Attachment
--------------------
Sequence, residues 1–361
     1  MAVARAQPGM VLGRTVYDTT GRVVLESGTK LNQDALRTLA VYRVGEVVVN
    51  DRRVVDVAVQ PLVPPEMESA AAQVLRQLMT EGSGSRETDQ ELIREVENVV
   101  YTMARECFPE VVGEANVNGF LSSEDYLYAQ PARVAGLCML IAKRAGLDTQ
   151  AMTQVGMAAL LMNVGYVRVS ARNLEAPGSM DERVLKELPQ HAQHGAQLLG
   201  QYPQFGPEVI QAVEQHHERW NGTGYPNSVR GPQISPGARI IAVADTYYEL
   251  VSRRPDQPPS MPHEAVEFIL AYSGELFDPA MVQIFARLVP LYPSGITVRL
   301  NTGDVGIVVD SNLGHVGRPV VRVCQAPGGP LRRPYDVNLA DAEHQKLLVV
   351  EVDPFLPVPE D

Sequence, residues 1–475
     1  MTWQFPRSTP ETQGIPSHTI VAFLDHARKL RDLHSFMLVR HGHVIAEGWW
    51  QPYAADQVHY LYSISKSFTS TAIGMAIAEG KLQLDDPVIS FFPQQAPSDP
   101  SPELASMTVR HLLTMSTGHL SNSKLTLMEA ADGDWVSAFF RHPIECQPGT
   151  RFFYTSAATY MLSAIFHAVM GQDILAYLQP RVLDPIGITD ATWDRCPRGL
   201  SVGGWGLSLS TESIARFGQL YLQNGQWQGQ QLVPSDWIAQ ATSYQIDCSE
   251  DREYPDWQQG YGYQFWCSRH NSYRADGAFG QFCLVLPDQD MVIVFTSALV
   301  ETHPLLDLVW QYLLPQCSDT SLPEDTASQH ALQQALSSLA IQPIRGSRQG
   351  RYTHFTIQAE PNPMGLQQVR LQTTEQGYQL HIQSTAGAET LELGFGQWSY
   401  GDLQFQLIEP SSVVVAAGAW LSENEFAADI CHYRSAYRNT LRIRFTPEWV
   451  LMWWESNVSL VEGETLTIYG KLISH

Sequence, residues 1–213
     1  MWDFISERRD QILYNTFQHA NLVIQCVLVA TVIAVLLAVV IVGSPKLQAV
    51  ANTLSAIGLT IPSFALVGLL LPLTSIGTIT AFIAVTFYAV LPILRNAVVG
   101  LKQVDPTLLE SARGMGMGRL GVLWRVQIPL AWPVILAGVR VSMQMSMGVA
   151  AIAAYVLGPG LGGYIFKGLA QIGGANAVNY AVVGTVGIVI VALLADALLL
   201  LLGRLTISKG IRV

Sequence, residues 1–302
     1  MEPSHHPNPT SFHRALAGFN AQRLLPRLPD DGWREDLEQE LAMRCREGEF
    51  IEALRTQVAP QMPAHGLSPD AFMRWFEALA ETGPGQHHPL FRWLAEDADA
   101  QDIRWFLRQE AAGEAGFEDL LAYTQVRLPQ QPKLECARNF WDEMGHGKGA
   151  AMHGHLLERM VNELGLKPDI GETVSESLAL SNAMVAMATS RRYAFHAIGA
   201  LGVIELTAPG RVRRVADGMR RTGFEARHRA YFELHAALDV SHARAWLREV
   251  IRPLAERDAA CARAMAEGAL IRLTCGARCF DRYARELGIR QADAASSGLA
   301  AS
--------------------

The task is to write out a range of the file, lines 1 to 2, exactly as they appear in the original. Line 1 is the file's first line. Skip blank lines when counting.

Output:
Sequence, residues 1–361
     1  MAVARAQPGM VLGRTVYDTT GRVVLESGTK LNQDALRTLA VYRVGEVVVN